By Wayne Gorrett, originally for Solent Life Magazine, June 2014
✔ Classy cabin, comfortable cruiser, good performance. ✖ Weighty and slightly unsettled through corners.
☀ ☀ ☀
My local New Forest in south-west Hampshire is a wonderful place; a vast playground to explore and freely roam, while perpetually receiving one of the finest cuddles nature has to offer.
Recently, I spent a sunny late spring day tootling around the Forest in the first-generation BMW 428i M Sport Convertible. It was a good day…a very good day.
The back story
The new 4 Series Convertible replaces the former 3 Series folding hard top. BMW re-badged its range of cars to reposition the brand to a wider range of world markets segments: All 1, 3, 5 and 7 Series BMW’s are now the standard four-door cars we’ve come to know over the years. However, a couple of years ago, BMW decided that future 2-door coupé, cabriolet and convertible variants be given even numbers and thus, the new 2 and 4 Series were created.
The new car is larger than the previous 3 Series Convertible: it has an extra 50mm between the front and rear wheels for improved space and ride refinement, and feels more planted as its track has been widened by 45mm at the front and 81mm at the rear. It now measures 4,638mm from tip to toe, and 1,825mm across, making it longer than the Audi A5 Cabriolet, but not quite as large as the Mercedes-Benz E-Class Cabriolet.
The 4 Series Convertible is available with two petrol and two diesel engines, both in 2.0-litre/4-cylinder and 3.0-litre/6-cylinder configurations. Tested here is the 428i, 2.0-litre petrol variant in M Sport specification.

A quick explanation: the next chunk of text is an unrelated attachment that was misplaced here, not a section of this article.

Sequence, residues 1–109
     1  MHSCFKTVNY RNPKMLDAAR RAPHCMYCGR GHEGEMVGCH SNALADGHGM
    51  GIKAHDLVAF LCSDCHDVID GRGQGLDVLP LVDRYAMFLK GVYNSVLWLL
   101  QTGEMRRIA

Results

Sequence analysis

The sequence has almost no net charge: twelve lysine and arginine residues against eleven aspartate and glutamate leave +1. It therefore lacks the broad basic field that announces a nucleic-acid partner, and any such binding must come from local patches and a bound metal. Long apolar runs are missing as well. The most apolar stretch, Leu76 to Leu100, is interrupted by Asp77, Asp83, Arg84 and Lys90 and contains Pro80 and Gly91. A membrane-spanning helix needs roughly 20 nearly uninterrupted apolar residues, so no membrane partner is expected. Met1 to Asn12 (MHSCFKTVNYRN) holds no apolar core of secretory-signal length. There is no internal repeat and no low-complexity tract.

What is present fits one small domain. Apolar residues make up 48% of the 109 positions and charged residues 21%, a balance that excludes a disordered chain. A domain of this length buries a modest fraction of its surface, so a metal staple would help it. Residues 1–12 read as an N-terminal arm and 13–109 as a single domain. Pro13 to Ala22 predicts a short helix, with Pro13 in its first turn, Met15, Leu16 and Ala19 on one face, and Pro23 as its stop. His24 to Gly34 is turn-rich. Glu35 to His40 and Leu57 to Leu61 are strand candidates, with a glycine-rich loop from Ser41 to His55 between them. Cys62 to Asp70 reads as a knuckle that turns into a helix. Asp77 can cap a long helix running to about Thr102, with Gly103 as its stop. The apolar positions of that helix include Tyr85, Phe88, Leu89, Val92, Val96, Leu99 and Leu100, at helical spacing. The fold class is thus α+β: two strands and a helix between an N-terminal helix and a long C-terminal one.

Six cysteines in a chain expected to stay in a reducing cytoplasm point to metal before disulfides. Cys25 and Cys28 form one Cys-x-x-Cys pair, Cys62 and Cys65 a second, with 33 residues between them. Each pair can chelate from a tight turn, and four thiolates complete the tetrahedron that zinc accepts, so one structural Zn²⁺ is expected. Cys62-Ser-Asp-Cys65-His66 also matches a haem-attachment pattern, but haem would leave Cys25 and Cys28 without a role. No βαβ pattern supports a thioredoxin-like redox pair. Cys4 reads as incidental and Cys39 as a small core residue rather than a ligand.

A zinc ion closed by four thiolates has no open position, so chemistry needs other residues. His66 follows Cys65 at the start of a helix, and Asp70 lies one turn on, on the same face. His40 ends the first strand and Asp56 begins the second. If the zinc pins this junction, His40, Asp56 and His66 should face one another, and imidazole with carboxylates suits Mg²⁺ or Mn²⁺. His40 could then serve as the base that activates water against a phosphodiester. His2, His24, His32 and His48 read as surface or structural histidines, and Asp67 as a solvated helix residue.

Yeah, look at me!
The BMW 4 Series Coupé was one of my favourite cars of all the 112 I drove last year – and now the stunningly drop-top version has arrived – just in time for summer and all its posing opportunities! The car looks almost identical to its sister Coupé model in profile because it uses a folding hard top roof instead of a fabric one – one visual difference being the three fold lines running across the roof of the car.
The metal roof – which electrically separates into three pieces so it can be stowed behind the rear seats – reduces the amount of wind and road noise that enters the cabin over the more traditional rag-top. The roof opens and closes in a leisurely 20 seconds and can be operated at speeds of up to 8mph.
The inside scoop
The interior of the 4 Series Convertible is pretty much identical to the Coupé and has much in common with the 3 Series – and that’s no bad thing. It means you get a classy dashboard with clear, easy-to-use instruments and BMW’s excellent iDrive infotainment system as standard.
The seats offer a good range of adjustment and rear seat access is surprisingly good as the front seats tilt and slide to create a large opening. However, due to the Coupé-like roof, rear headroom will be an issue for anyone over six feet tall.